3. FreeStyle Libre 2 features. Abbott FreeStyle Libre. Accessed June 7, 2023. https://www.freestyle.abbott/us-en/products/freestyle-libre-2.html
4. FreeStyle Libre 3 features. Abbott FreeStyle Libre. Accessed June 7, 2023. https://www.freestyle.abbott/us-en/products/freestyle-libre-3.html
5. Guardian Sensor 3. Medtronic. Updated February 2022. Accessed June 7, 2023. https://www.medtronic.com/us-en/healthcare-professionals/products/diabetes/continuous-glucose-monitoring-systems/guardian-sensor-3.html
6. Introducing the Eversense E3 CGM. Ascensia Diabetes. Accessed June 7, 2023. https://www.ascensiadiabetes.com/eversense/
7. Lee I, Probst D, Klonoff D, Sode K. Continuous glucose monitoring systems – current status and future perspectives of the flagship technologies in biosensor research. Biosens Bioelectron. 2021;181:113054. doi:10.1016/j.bios.2021.113054
8. Kahn SE, Anderson CAM, Buse JB, et al. (eds). American Diabetes Association Standards of Care in Diabetes – 2023. 2023;46(1). ISSN 0149-5992
9. Weighing CGM pros and cons. Danatech. Accessed June 7, 2023. https://www.diabeteseducator.org/danatech/glucose-monitoring/continuous-glucose-monitors-(cgm)/cgm-101/pros-cons-of-cgm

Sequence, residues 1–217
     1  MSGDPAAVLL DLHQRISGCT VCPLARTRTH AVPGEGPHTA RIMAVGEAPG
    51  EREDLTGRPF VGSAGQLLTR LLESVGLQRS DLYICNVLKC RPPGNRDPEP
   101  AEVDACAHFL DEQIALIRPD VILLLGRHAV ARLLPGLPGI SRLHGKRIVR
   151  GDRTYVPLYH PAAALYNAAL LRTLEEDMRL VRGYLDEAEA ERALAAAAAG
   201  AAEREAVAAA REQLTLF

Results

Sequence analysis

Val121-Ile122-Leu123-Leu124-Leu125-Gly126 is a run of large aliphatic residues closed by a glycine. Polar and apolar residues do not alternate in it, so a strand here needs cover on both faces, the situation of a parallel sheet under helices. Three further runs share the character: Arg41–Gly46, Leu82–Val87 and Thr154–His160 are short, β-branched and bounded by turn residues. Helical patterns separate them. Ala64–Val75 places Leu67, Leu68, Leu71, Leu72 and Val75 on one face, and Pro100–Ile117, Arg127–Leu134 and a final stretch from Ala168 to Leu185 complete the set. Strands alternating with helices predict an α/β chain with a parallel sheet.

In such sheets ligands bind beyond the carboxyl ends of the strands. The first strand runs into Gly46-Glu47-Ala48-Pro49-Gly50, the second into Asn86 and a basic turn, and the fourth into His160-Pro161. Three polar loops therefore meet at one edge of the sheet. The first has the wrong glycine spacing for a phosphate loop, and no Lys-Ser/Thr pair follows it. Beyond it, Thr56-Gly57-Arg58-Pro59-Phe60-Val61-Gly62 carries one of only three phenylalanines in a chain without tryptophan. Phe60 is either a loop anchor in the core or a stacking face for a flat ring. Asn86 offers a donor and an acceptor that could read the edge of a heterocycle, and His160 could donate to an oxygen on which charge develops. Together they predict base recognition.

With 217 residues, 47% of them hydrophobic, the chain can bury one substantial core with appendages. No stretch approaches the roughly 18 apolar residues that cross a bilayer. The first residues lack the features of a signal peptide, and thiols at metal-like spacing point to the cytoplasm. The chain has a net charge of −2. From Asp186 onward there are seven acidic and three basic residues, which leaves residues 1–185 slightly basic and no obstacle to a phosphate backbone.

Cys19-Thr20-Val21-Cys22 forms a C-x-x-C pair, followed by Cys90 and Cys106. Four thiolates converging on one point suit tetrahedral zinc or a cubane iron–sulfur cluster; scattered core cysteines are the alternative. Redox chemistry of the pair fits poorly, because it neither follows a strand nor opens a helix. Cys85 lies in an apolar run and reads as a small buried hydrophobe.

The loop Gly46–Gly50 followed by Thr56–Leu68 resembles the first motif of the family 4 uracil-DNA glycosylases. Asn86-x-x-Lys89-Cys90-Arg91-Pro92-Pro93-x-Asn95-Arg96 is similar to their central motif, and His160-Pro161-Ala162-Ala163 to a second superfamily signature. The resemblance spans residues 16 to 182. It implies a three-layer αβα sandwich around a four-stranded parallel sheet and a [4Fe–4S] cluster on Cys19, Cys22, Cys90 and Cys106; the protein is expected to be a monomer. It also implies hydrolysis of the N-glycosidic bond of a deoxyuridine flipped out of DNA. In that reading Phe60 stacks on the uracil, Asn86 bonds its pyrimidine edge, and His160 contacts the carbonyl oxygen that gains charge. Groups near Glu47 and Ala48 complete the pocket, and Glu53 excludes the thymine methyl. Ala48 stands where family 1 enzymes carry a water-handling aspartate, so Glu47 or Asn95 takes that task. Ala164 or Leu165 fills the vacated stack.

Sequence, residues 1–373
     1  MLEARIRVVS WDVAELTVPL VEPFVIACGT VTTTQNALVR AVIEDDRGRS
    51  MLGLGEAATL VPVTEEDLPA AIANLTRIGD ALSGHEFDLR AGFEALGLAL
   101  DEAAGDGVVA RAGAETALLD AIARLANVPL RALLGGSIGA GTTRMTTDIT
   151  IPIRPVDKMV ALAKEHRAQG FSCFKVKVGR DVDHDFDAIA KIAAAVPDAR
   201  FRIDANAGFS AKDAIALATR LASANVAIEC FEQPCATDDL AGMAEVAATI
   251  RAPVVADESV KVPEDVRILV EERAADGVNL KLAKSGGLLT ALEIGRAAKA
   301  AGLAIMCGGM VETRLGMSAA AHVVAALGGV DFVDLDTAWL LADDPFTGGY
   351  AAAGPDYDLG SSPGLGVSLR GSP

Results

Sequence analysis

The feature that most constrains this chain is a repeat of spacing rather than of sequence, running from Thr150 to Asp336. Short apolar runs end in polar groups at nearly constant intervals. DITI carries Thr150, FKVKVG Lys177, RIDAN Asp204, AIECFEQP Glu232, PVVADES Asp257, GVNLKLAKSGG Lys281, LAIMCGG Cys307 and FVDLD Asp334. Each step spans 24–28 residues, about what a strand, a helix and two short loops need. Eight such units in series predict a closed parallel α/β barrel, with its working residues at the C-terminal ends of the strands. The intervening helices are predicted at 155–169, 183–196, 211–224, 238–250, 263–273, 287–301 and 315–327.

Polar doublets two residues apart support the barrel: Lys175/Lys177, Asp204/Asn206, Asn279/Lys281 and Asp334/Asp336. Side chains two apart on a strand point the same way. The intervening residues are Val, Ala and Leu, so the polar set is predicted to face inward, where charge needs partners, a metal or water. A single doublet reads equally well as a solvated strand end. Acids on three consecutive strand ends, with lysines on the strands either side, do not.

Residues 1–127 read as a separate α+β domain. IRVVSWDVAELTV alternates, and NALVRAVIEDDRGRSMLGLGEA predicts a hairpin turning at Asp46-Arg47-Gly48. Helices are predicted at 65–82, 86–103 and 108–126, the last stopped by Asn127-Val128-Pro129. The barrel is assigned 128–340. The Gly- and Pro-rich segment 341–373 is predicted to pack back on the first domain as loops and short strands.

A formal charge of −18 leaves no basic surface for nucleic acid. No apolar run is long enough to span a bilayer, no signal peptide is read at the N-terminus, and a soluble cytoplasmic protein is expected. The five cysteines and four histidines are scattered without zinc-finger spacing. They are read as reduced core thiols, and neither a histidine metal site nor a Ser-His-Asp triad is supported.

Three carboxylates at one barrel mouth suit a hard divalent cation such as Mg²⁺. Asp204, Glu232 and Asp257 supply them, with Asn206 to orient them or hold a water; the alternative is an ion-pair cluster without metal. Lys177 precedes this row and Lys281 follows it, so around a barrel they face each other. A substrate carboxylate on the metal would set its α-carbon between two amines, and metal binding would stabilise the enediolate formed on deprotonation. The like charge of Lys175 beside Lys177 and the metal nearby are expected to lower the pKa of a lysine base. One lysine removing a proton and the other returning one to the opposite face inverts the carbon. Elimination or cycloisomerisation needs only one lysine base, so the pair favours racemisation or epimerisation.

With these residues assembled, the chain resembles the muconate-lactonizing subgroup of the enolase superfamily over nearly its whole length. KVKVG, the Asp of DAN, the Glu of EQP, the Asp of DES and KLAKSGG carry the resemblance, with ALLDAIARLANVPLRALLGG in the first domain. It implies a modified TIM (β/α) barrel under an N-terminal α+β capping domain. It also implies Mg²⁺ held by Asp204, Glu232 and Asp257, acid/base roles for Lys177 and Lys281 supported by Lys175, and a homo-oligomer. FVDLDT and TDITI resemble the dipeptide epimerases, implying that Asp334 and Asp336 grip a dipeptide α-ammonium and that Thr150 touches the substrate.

10. Messer LH, Berget C, Beatson C, Polsky S, Forlenza GP. Preserving skin integrity with chronic device use in diabetes. Diabetes Technol Ther. 2018;20(suppl 2):S254-S264. doi:10.1089/dia.2018.0080
11. Continuous glucose monitors. American Diabetes Association. Updated March 2023. Accessed June 7, 2023. https://diabetes.org/get-involved/advocacy/continuous-glucose-monitors
12. Kruger DF, Anderson JE. Continuous glucose monitoring (CGM) is a tool, not a reward: unjustified insurance coverage criteria limit access to CGM. Diabetes Technol Ther. 2021;23(suppl 3):S45-S55. doi:10.1089/dia.2021.0193
13. Oser TK, Litchman ML, Allen NA, et al. Personal continuous glucose monitoring use among adults with type 2 diabetes: clinical efficacy and economic impacts. Curr Diab Rep. 2021;21(11):49. doi:10.1007/s11892-021-01408-1
14. O’Connor A. Can technology help us eat better? The New York Times. Updated December 21, 2021. Accessed June 7, 2023. http://www.nytimes.com/2021/02/08/well/diet-glucose-monitor.html
15. Bajarin T. Why continuous glucose monitors are vital for diabetic health. Forbes. February 28, 2023. Accessed June 7, 2023. https://www.forbes.com/sites/timbajarin/2023/02/28/why-continuous-glucose-monitors-cgm-are-vital-for-diabetic-health/?sh=483ef4bb32b8